I’ve been watching the bows of my string colleagues this week, and I’ve realized I’m jealous. I have bow envy.
I have always loved wind instruments. There is something so beautifully, terribly intimate about having to generate sound and music with your own personal air, the air you use to breathe and to live. It’s natural to make big phrases that match the shape of the breath, and it’s natural to drive those phrases forward to their conclusions, and to the next breath.
When I am following and matching my string colleagues in their elegant, light baroque style, I can imitate the lift that their bows have. The weight and speed of their bows, and the way they don’t force phrases to be longer than the bow itself – these are characteristics of the style we are working in and I can mimic and match this with no problem. It makes the long long arias and choruses feel easier if I can lift with the strings in all of the tiny rests that occur all the time. I’m not trying to drive long phrases, I’m playing infinitely many tiny micro phrases to make a big picture phrase, and it’s a pleasure to do – but it’s a trick made for strings and bows. I imitate it but it originates from them.
Here’s the thing I can’t do, though. I can’t be truly patient. I can’t take a movement of a solo cello suite and let it slowly, endlessly play out, spooling through infinitely long phrases, and building to a place of enormous intensity with no one note or phrase noticeably changed from the one before. This is not something I can do with my air. I would have to drive those phrases, and surge up and down, and choose places for a real – not micro – breath. I could still arrive at that peak, and come away from it again, but there’s no way I could have the patience of a bow. Air is more urgent.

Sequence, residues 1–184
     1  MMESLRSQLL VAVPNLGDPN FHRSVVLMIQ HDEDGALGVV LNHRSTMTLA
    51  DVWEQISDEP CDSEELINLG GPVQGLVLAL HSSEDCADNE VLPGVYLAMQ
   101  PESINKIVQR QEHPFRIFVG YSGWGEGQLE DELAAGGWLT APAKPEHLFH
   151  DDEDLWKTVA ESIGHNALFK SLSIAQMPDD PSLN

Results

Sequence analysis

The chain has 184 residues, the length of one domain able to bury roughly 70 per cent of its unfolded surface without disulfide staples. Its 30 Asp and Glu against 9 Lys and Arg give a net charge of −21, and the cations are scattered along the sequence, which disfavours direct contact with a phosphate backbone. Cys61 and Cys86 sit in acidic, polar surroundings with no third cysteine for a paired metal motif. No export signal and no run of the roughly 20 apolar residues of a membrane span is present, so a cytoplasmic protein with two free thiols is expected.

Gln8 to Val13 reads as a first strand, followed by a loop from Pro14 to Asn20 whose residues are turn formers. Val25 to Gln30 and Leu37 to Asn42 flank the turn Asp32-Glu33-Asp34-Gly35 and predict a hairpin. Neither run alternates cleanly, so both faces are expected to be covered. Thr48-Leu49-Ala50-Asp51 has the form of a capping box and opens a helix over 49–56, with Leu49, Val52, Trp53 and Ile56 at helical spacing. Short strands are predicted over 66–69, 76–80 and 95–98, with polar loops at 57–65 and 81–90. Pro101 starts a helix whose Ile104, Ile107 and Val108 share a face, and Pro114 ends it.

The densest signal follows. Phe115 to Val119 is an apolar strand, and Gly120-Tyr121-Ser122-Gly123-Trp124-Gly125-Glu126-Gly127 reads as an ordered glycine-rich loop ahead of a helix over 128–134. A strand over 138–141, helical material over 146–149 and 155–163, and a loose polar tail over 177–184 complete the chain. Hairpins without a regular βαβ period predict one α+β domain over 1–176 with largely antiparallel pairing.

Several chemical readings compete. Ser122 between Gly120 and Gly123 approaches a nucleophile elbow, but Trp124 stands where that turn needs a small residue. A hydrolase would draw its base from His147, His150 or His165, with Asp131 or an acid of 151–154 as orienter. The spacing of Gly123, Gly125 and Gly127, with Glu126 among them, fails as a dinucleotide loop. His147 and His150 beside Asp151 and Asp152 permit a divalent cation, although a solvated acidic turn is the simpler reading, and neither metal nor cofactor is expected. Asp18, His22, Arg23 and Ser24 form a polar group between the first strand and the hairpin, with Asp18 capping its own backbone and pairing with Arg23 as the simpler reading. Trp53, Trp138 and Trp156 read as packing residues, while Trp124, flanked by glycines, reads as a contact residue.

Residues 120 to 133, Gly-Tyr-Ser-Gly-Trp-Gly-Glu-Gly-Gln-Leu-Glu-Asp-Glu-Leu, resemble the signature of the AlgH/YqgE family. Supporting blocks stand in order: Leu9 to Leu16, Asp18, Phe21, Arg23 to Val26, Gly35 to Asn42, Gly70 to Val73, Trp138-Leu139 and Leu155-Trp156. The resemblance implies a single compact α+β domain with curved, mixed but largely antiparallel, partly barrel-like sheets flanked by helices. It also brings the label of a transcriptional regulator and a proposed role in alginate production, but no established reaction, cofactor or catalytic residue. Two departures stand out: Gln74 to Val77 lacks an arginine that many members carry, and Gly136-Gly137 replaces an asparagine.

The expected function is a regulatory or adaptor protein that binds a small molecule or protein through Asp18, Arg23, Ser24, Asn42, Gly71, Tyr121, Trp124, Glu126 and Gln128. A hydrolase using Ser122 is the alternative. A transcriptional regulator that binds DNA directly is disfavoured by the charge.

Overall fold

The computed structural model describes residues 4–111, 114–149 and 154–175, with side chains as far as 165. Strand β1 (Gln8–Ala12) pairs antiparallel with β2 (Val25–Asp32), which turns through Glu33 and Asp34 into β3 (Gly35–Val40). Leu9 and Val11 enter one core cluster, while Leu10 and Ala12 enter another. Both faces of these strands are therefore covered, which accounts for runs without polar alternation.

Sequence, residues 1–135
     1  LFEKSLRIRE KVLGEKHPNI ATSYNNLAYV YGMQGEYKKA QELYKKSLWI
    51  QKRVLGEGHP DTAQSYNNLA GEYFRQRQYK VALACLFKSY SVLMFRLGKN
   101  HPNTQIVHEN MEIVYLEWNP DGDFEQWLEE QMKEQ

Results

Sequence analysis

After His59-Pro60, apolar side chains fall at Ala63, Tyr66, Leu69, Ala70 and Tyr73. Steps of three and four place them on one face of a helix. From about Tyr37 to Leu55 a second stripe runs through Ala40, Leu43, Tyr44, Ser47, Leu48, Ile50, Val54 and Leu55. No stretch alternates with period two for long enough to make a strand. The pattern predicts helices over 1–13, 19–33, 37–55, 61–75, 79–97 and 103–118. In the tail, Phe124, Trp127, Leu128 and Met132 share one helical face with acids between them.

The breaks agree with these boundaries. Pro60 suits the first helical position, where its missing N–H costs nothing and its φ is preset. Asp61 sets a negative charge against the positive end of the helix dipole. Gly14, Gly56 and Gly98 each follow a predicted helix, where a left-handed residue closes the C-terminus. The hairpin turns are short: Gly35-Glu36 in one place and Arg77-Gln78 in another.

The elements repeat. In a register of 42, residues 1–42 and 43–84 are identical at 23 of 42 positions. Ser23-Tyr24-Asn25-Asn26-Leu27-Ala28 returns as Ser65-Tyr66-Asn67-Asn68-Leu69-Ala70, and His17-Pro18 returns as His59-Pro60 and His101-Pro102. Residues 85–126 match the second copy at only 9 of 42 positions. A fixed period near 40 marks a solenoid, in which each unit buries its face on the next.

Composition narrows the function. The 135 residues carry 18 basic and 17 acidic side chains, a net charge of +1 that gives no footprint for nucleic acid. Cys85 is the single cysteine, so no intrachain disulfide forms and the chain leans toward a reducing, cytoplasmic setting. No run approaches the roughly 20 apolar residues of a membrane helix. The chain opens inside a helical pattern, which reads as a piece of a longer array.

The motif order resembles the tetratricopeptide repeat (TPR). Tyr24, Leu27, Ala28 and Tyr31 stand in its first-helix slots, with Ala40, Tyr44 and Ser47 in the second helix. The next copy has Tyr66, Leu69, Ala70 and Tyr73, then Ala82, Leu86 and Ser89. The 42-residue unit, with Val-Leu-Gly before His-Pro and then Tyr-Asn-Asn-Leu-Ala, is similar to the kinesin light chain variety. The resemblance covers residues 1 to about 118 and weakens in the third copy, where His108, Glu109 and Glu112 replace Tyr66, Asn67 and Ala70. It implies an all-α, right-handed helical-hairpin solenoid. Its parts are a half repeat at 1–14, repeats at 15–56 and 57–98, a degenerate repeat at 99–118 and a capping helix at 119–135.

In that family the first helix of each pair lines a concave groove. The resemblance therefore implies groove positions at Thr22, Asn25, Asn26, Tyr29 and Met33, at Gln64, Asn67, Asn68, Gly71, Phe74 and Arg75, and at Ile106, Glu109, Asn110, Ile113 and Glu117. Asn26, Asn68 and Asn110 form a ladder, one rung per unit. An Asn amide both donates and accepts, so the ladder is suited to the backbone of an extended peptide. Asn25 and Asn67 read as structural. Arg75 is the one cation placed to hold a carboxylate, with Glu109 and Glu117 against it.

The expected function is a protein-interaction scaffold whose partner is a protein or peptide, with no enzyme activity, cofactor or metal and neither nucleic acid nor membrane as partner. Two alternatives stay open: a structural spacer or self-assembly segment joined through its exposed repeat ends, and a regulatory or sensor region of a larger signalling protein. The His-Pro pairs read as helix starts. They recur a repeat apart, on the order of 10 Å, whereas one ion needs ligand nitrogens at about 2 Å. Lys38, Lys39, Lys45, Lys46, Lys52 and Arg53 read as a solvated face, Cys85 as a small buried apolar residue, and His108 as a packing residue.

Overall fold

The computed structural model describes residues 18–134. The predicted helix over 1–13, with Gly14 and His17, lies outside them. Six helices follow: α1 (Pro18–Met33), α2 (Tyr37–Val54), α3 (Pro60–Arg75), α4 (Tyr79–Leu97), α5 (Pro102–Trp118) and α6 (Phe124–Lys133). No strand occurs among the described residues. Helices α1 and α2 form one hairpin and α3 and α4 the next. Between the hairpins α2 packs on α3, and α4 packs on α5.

I attended an amazing solo string recital yesterday, can you tell? There’s a tremendous amount of talent down here at the Peoria Bach Festival this week. Tonight was our last concert, and I can’t wait to get home and see my family tomorrow – but I always learn and grow at this festival.
This week I’d like to grow a bow.
2 thoughts on “Bow Envy”
You can always buy one, and along with it you can buy the instrument of your choice. Even an instrument that reads in the bass clef. It won't hurt your oboe playing (it eventually will help it). I recall that the oboe professor at Oberlin played gamba. My bow envy turned me into a string player, but I still play winds (my modern flute is getting an overhaul as I write, and my baroque flute is getting her daily workout. My recorders are my trusty pals). Go for it. (Bow for it!)
Elaine, you're the second person to make this very salient point. It's on my list. My long list – but yes, I could see me taking a year of cello lessons and blossoming into a whole new me…
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